Thursday, September 28, 2006

The Fall of Rome and the End of Civilisation 3

As in ceramics, so in coinage and roof-tiles, the late 5th Century sees a dramatic fall off in quantity, quality and in social diffusion. The roof-tiles are a useful indicator; even modest farm sheds would be protected by them, as state of affairs not to be attained again for several centuries. The lack of coins, however, bespeaks a multi-faceted collapse. Coins are the great facilitators of development. Coins tell us that goods move from place to place, and are exchanged by people who do not know each other and who would otherwise have no dealings. An economy with coinage can afford to specialise, and thus improve techniques in one area so as to produce more. The population can then grow, cities expand and a leisured class come into existence to create demand for luxuries that might soon become staples. After 476, Europeans became villagers, peasants and barterers again. I recently visited Tintagel, that evocative detached headland on the Cornish coast, an important seat of power of the Celtic kingdom of Dumnonia in the 5th and 6th Centuries, long before the Arthurian stories were attached to it. Though there have been found some relics of pan-european exchange, not a single coin has emerged. Yet a 4th Century farmstead in Somerset yields 68 copper coins.

There are many other indicators of the sophistication of the Roman economy, some of them double-edged. There's the waste mountain of Monte Testaccio, where smashed amphorae and diotae (oil and grain containers) were tossed and gathered until they become a geographical entity. And (most contemporary of all, perhaps) there are the ice layers of the Arctic. Atmospheric pollution blows where the wind goes, and in the far north is collected in the snow, which falls, freezes, thaws in the summer before freezing once again. It can thus be dated. Lead and copper pollution from smelting lead, copper and silver, high during Roman period, fell dramatically not to rise again until the 16/17 Centuries.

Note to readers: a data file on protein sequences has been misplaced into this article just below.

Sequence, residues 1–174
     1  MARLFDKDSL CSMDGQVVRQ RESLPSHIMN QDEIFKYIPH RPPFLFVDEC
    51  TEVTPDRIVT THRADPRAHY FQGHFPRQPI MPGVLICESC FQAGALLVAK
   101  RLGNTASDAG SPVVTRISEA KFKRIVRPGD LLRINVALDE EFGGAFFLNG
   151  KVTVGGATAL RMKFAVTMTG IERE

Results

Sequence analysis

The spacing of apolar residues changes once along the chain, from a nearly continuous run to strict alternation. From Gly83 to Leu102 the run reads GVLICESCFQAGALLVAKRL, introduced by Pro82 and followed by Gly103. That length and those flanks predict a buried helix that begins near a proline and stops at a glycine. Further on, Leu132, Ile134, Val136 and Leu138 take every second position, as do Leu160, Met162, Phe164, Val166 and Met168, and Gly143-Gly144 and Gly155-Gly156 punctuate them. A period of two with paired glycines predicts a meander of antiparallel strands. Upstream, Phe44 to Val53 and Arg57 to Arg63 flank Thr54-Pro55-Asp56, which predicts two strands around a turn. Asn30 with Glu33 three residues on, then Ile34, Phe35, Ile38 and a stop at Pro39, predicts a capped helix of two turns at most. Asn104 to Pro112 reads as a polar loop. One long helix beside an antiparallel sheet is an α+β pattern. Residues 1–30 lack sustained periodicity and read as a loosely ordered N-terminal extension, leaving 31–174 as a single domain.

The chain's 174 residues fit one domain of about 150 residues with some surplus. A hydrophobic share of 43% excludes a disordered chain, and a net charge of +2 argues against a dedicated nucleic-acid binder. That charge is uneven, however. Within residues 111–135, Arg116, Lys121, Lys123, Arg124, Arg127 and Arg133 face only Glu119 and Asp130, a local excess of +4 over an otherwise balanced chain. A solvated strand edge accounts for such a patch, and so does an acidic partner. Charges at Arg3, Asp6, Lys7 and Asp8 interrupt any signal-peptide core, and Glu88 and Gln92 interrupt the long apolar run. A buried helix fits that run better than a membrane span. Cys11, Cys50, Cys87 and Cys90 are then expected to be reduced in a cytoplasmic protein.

Ward-Perkins, for the most part, has eyes for the objects of daily life, the objects bought, used and thrown away by ordinary people. They're the ones who felt most severely the limitations and privations of the new peasant economy after the passing of Rome; they were the most exposed to the prevailing conditions. This is especially so in those countries where economic sophistication came with the legions; areas such as Northern Europe and Britain. Here the blow was crippling - the British economy regressed far beyond the developing Celtic system of Britain BC; it was hurled back to the early Iron Age. The degree of regression was similar in Southern Europe, though there the starting point had been far more advanced, so they sank, but not so low.

Ward-Perkins does venture away from basic economic issues to deal with literacy, though always with regard to its social diffusion. Here Pompeii is a cornucopia of the minutia of ordinary life. He starts with this effusive piece of graffiti, “Here Phoebus the perfume-seller had a really good fuck”. There are many similar items of ephemera including electioneering posters and parodies of same, marks of ownership on household goods, the many remnants of Vindolanda with the handwriting of 100s of different people, and vast quantities from Egypt, including the papyrus receipt for payment of duty on 6 amphorae for entry into a small settlement in the Fayum. There is circumstantial evidence that most legionaries could read and write, and similarly that people in low-status rural sites had use for a stylus.

The point is always the same: that the material comforts of life were spread far more widely before Rome's demise than after. Ward-Perkins is conscientiously, fixedly materialistic in his analysis. He does not pronounce on the moral qualities of the Romans, on their spiritual status. He does not say that they were better people than the Celts, or the Visigoths, or the Alani. He does not reiterate what the Romans left behind for us to make use of, or laud the cultural achievements of their culture. This last is obvious, or should to anyone who doesn't a contemporary target to aim academic darts at. However, he demonstrates that the available evidence all points towards an economic cataclysm for ordinary folk like me and you. That what the Roman economy attained for its people is comparable to what our economy has given us. That its decline was no smooth transition to another, different, but not inferior, culture. It was a disaster, but would be as nothing compared to what would happen if we threw away what we have now.

Part 1 is here.
Part 2 is here.

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